Many of us have travelled long distances to catch up with friends and family during the holidays, using the vast network of roads that criss-crosses Australia.
But for some critters, such as frogs, roads have the opposite effect – they can act as a fatal barrier between different habitats and populations.
Roads are long stretches of gravel, concrete or bitumen that allow vehicles to get from one place to another, often very quickly.
It’s no surprise that frogs and roads don’t mix!
1. The obvious – road kill
Frogs are busy animals and often have places to go. Depending on the species and the season, adult frogs may move short distances to find food and mates or migrate longer distances to and from breeding sites. Juvenile frogs may also disperse several kilometres from the pond or stream where they were born.
If roads cut across pathways for frog movement, rates of road kill can be very high. On most Australian freeways, vehicles travel at 110 kmh; 100-900 times faster than frogs can hop or walk, depending on the species. A classic study in Denmark found that the fastest-moving amphibians had about a 60 per cent chance of safely crossing a road carrying 100 vehicles per hour (2,400 per day), while the slowest had only a 10 per cent chance of surviving. On busy roads with more than 15,000 vehicles per day, the speed of the animals didn’t really matter.
No matter how quickly they walked or hop
ped, they were almost certain to be run over.
2. The less obvious – habitat isolation
If frogs can’t cross roads safely, then they can’t move between different areas of habitat on either side of a road. This leads to habitat isolation, which separates populations of the same species from each other; friends from across the road rarely – if ever – come to visit. Over time this can lead to a loss of genetic diversity and inbreeding depression. Without new frogs arriving in the population, the frogs that remain become too closely related to each other and their fitness is reduced.
Second, if a group of frogs living in an isolated habitat dies out, no new animals can move in to start a new population. So we are left with suitable but unoccupied habitat. This is a common problem for small terrestrial animals in urban environments, because cities often contain small patches of habitat for wildlife that are separated by busy roads.
Third, some frogs such as the endangered growling grass frog need a network of populations in a network of habitat patches to survive in the long term – this is known as a metapopulation. Different patches in the network are occupied at different times, such as in wet or dry years. If too many habitat patches in the network become isolated from each other by roads, animals can’t move freely between them when they need to and the metapopulation collapses.
3. The subtle – acoustic interference from traffic noise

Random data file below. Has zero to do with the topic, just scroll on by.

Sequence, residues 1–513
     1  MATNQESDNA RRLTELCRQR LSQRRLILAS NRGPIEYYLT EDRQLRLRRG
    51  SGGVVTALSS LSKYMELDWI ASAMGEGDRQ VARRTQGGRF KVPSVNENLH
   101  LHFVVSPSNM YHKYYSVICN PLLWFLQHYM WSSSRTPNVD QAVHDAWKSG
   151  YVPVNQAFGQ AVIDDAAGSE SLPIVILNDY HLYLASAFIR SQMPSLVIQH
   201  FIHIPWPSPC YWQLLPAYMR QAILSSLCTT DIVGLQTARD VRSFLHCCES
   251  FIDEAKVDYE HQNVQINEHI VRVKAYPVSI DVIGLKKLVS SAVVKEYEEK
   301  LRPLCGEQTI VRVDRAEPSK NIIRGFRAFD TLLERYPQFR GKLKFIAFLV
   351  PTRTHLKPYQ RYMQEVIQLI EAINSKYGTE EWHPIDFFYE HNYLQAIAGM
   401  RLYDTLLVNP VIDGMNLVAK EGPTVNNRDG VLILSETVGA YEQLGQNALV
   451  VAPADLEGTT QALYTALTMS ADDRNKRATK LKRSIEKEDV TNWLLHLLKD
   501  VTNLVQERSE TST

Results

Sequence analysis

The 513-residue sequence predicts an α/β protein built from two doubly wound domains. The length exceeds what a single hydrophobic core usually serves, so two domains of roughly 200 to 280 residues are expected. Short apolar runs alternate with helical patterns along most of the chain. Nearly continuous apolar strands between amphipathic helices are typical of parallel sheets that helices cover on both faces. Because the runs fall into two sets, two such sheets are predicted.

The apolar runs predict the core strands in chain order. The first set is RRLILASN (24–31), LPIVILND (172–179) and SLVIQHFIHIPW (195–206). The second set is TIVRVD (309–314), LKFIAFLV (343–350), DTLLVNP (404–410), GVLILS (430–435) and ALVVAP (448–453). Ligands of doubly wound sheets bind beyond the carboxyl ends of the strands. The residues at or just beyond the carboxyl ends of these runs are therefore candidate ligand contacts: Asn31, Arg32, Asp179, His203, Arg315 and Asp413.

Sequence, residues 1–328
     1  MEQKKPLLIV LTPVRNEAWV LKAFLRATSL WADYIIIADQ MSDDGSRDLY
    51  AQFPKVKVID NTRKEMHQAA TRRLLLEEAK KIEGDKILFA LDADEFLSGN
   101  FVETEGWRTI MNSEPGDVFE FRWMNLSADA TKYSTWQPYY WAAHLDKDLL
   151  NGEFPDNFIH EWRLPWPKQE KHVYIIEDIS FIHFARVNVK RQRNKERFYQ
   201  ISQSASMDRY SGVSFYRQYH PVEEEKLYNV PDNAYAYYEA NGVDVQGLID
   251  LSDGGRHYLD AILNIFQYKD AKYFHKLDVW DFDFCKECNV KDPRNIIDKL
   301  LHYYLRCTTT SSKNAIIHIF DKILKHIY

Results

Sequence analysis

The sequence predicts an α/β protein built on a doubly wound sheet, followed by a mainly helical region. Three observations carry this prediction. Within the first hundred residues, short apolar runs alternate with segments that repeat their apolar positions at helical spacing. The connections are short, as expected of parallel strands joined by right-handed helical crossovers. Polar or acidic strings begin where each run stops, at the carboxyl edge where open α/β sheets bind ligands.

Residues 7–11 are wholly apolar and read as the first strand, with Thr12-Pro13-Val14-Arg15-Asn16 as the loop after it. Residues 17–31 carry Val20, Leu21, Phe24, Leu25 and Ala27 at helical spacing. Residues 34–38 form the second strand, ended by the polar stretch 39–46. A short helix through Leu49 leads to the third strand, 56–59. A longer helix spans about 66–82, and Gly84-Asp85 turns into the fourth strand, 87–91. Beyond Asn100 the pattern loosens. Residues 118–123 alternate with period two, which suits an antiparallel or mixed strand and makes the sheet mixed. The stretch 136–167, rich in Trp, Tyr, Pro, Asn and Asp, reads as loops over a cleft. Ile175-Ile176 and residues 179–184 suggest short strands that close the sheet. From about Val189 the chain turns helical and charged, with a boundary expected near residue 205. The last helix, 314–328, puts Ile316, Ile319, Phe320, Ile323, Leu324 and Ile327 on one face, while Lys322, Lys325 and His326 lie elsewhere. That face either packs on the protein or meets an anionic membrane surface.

The third reason that frogs and roads don’t mix is that the noise of road traffic can make it difficult for a calling frog to be heard by other frogs. Male frogs call to attract females for mating, and also to stake a claim on a certain calling location. The advertisement call of a male frog says two things:
1. “Hey ladies, here I am”; and
2. “Back off chaps, this is my space”.
A spotted marsh frog in full voice. Maintaining a calling territory is crucial to mating success. Picture: Kirsten Parris
Each species of frog has a unique call, so a female frog can recognise males of the correct species in the dark (although occasional mix-ups do occur).
Road-traffic noise can reduce the distance over which a male frog’s call can be heard by females of the same species by up to 90 per cent, with bigger frogs being the biggest losers. This is because bigger frogs have lower-pitched calls which overlap more with the low rumble of traffic noise than do the calls of smaller frogs. The loss of communication distance in noise is known as masking or acoustic interference.
Traffic noise is more than a nuisance for urban frogs – it may be interrupting froggy loving on a grand scale.
Traffic noise may also make some animals more vulnerable to predation (because they can’t hear their predators coming) and reduce foraging success by animals that rely on sound to detect their prey.
What can we do?
1. Locate new roads away from important frog habitats and movement pathways.
2. Build tunnels under roads to allow frogs to cross safely – however, tunnels must be well designed and maintained to be effective, and even then, not all species will use them.
3. Reduce traffic speeds or close roads to protect migrating frogs during the breeding season.
4. Help frogs to cross roads by carrying them from one side to the other in buckets (sometimes known as patrolling).
5. Maintain or establish connections (such as habitat corridors) between areas of habitat so that frogs can move safely between them.
6. Build new wetlands to replace those that become isolated from other wetlands in a network by the construction of roads.
7. Use sound barriers to protect frogs (and other animals that communicate using sound) from high levels of traffic noise, in the same way that we protect humans.
Banner image: Southern Brown Tree Frog, Kirsten Parris